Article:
The above table shows the outcomes of the annual DLT assessments for PRA relevant currencies, as conducted by the PRA in September 2021. The DLT assessments were carried out in accordance with the Statement of Policy ‘The PRA’s approach to the publication of Solvency II technical information’, using aggregated swap data from the EMIR Trade Repositories dataset up to and including August 2021. The table is also available in JPG format.
Our DLT conclusions also include the following considerations:
The DLT status of Sterling Overnight Index Average (SONIA) overnight index swaps (OIS) has been evaluated in the context of the transition from GBP Libor, as was set out in the initial DLT assessment of the SONIA OIS market.
The PRA considered Recital 21 of the onshored Solvency II Delegated Regulation and EIOPA’s DLT conclusion when determining the 20-year Last Liquid Point (LLP) for the EUR RFR.
In the absence of an active swap market in an alternative RFR at longer tenors, the RFRs for JPY will be based on Japanese government bonds from January 2022. When determining the DLT maturities for JPY, the PRA considered the judgement of the International Association of Insurance Supervisors that, for the Insurance Capital Standard Technical Specification, the Last Observed Term (which is an equivalent concept to the Last Liquid Point) for JPY should be 30 years.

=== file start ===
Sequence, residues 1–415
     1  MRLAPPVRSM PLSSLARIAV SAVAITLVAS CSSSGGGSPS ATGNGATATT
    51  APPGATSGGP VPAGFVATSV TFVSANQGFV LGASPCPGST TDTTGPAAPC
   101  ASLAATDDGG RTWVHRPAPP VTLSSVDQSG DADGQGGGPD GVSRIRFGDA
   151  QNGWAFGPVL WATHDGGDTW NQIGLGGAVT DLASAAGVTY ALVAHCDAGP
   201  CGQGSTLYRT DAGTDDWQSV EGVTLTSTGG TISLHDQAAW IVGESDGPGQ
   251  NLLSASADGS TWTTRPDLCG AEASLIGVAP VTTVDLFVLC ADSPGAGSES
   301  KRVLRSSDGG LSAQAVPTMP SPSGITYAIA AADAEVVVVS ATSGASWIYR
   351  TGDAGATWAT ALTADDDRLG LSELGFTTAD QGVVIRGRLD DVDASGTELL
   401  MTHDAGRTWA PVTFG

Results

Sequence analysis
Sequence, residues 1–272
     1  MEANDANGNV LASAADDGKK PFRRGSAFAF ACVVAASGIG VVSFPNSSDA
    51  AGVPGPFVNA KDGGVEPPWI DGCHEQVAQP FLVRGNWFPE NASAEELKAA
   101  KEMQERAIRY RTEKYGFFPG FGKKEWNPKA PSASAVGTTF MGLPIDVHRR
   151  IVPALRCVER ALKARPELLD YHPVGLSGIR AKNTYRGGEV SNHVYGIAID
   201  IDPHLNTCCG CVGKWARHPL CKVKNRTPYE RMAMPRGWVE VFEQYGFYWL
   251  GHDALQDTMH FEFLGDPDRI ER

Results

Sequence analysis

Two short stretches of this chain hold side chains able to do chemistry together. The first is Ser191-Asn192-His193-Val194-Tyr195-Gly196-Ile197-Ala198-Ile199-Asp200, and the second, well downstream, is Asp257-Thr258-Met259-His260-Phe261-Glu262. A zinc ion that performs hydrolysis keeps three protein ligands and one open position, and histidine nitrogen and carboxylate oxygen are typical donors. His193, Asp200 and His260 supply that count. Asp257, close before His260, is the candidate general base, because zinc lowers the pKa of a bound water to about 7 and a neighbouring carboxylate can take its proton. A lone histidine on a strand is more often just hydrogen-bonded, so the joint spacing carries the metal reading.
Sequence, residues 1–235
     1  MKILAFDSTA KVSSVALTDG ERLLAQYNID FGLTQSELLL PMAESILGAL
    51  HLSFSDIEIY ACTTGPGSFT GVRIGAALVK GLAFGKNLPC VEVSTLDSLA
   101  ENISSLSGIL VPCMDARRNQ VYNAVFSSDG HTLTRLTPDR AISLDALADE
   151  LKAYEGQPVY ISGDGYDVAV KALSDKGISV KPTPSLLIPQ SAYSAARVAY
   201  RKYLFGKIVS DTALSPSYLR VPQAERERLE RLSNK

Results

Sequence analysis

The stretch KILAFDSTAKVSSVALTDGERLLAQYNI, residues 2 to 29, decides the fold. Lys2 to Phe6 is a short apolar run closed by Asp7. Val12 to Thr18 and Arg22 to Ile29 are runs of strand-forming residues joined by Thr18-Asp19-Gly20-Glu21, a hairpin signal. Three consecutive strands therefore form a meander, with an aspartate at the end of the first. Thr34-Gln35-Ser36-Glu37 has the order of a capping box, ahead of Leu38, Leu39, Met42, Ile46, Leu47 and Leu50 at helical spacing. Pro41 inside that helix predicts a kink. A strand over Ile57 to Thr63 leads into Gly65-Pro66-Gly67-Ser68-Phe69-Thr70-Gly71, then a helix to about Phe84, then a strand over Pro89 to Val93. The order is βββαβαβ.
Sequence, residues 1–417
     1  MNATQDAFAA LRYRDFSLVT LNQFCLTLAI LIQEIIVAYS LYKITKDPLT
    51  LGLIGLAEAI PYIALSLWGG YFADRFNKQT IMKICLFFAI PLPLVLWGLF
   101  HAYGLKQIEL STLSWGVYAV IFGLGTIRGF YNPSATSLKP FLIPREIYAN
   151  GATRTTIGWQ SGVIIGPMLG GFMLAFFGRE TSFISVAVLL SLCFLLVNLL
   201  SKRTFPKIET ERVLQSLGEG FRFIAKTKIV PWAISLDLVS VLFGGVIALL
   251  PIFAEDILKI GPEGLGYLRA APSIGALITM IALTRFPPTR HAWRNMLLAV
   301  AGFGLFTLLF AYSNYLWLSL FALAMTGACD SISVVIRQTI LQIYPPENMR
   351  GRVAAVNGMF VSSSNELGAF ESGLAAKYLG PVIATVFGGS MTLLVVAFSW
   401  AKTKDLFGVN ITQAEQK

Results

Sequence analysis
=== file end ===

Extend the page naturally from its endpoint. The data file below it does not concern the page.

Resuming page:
The EMIR Trade Repositories data set only includes a relatively small amount of AUD Libor trades. Therefore, the trades were scaled using a scaling factor, derived from the triennial OTC derivative statistics of the Bank for International Settlements.
Comparing swap data for the year up to August 2021 against the volume thresholds in the SoP has led to the LLP for USD reducing from 50 to 30 years. A reduced level of liquidity for USD Libor at longer maturities was expected, given initiatives to encourage liquidity to shift from USD Libor to the Secured Overnight Financing Rate (SOFR). The PRA continues to monitor SOFR liquidity in the context of preparing for the future transition of the USD RFR from Libor to SOFR.